Quick Comic Takes
I spent the weekend in Houston, and in one of the malls there is a comic shop which is great for readers like me to just wander in and pick up things cold. The two I picked up were:
I wasn't sure what to expect from this sort of new romantic epic superhero tale by Grant Morrison and Philip Bond. For the most part I've always been fascinated by the huge imagination Grant has, but tend to find that the execution and resolution of that imagination lacking. In this first issue he seems to have harnessed that imagination for the good though.
The book revolves around an Indian teen named Ali, who is in fear of meeting the wife his father has picked for him. He finds distraction when his brother has an accident at the family store, revealing a hidden underground world.
When he goes in search of his baby brother who has wandered into the strange world. He meets his would be bride, and finds an adventure with an old evil race of world conquerors, and competition for his new love in a strange group of superbeings leader, who seems to be sort of a Hindu Superman.
Bond's art really brings the world to life. From the comedic actions of Ali and his brother discussing whether God hates him or not, the eerie spookiness of the hidden monsters, to the wide eyed imaginative designs of the hidden world and its inhabitants. Everything fits together but is given its own personality as well.
I look forward to seeing where the series goes from here, as it looks like it'll be a fun ride. Yet also an interesting one given how it not only gives insight into a culture that is different from mine, but in a way that makes it something I can relate to.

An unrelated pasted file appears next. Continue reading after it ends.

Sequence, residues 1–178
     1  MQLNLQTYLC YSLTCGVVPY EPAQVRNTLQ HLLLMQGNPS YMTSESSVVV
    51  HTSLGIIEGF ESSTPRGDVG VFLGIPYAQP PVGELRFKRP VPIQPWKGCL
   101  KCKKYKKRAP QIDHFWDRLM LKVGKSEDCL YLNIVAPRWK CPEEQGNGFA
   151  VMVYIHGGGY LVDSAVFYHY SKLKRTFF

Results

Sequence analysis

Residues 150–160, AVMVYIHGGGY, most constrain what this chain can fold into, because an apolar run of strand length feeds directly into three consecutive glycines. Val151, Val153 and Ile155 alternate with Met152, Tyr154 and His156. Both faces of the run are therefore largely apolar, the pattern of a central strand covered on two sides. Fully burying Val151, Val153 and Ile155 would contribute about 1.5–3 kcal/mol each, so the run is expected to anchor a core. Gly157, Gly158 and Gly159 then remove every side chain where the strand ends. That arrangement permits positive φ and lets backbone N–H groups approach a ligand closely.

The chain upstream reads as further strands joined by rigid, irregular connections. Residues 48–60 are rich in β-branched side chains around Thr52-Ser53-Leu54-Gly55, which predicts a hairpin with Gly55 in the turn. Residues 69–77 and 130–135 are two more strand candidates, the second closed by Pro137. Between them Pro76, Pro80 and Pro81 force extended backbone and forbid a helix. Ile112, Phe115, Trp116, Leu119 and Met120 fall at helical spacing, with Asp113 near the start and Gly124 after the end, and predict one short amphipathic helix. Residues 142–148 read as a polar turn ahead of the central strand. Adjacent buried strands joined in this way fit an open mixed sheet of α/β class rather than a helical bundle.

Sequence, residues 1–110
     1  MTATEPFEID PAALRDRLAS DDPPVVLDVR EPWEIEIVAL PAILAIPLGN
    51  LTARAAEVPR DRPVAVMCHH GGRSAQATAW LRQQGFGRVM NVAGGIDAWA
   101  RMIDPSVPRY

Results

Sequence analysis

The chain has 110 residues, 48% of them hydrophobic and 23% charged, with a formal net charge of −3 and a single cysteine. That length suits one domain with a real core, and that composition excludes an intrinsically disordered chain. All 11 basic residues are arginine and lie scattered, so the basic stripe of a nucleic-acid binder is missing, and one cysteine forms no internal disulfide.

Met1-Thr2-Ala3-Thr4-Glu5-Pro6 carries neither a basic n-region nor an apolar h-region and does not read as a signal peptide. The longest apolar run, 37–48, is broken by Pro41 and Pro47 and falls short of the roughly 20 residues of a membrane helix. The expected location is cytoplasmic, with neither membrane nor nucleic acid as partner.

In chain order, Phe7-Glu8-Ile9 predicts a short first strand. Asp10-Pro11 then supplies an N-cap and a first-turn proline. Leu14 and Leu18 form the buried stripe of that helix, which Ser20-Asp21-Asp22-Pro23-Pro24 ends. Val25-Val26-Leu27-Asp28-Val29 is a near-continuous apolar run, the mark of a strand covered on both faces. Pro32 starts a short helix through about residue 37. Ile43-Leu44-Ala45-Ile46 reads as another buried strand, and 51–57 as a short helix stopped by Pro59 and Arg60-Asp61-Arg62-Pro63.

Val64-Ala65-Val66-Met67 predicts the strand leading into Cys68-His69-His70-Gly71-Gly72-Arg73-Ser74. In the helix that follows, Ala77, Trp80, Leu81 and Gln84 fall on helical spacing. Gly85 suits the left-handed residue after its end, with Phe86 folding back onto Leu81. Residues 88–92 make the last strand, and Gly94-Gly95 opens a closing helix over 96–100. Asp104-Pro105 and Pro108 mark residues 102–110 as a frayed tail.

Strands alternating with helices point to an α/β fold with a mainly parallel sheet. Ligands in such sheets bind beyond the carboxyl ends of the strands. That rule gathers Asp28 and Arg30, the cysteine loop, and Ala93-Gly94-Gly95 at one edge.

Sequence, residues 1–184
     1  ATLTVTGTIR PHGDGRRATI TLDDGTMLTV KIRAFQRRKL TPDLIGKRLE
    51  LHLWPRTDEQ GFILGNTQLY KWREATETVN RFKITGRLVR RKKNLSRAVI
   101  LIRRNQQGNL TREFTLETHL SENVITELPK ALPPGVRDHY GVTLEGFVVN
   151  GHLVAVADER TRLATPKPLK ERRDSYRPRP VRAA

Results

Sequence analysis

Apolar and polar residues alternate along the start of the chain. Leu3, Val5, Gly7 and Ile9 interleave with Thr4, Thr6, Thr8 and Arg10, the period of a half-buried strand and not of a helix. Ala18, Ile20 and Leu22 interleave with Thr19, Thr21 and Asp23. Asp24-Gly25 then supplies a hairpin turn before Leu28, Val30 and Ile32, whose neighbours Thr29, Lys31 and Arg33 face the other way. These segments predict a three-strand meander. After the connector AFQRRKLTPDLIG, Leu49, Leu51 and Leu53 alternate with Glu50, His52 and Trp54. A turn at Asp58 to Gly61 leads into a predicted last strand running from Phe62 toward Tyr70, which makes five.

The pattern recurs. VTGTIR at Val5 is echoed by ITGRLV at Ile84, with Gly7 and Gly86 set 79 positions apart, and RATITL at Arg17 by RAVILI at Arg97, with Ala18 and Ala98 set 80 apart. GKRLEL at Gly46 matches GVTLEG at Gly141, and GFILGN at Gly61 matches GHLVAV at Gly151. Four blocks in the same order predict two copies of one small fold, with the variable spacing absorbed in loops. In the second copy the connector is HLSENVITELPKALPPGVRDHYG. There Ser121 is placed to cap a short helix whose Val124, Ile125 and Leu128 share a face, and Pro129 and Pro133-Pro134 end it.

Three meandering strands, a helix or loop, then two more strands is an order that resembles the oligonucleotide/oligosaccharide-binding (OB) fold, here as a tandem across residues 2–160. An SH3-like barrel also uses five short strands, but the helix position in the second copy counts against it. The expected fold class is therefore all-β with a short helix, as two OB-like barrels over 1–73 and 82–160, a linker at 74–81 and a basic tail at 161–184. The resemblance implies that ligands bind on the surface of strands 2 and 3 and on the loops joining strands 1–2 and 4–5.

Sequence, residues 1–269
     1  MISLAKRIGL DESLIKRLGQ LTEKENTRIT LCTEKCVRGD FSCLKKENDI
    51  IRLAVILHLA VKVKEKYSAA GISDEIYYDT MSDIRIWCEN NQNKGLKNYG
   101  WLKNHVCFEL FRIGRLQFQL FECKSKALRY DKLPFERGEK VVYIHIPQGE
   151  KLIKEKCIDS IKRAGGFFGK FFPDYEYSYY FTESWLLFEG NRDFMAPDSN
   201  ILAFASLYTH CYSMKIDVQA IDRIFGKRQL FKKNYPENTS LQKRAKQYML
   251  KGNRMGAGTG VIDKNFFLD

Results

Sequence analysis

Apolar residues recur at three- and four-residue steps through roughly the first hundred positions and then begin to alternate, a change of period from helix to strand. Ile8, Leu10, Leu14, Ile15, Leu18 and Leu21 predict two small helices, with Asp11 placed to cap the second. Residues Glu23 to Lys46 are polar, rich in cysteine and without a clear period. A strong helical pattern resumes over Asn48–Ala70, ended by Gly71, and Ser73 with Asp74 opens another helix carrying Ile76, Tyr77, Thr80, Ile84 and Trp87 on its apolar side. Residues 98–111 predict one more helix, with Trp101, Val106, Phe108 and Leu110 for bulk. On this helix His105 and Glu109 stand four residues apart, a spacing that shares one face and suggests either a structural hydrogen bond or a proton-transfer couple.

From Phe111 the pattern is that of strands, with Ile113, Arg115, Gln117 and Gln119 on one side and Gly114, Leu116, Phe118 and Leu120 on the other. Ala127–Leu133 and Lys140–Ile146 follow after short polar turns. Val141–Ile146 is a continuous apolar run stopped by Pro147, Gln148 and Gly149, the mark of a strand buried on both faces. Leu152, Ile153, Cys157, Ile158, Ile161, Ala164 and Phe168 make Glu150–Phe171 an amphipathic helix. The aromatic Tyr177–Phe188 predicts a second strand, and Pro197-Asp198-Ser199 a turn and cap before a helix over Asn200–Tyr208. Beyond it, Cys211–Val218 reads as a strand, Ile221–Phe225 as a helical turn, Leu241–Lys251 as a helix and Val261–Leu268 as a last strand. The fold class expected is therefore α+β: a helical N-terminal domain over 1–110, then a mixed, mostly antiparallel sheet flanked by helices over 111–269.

Young Avengers #1
First issues of mainstream superhero titles are a real crapshoot sometimes. Time is usually taken to establish who the characters were, and what they become for the series premise, and you don't really get a feel for what the book is really going to be like.
This issue breaks that mode a little bit anyway, as the team is already established and active. Plus a possible drive for the series seems to be established, with the teen heroes coming in conflict with their older counterparts who feel they know what is best.
The dialogue by Allan Heinberg is good, though I don't even know the characters history or even what they look like out of costume. I'm already getting a sense of them by how they interact with each other.
One thing I thought was sort of cool, and gave me a bit of a Legion of Super-Heroes vibe, is the goofy codenames and outfits that seem to fit the members personalities. The design sense and pacing by artists Jim Cheung and John Dell was quite impressive.
Though Cheung may want to work on developing more diverse faces, as I don't think Jessica Jones was supposed to remind me of the Ethan character from his work on CrossGen's Scion.
I'm not won over by the book yet, there really wasn't enough to make a definitive judgment on yet. I am intrigued enough to want to see more though, which is pretty good for a first issue with mostly new characters.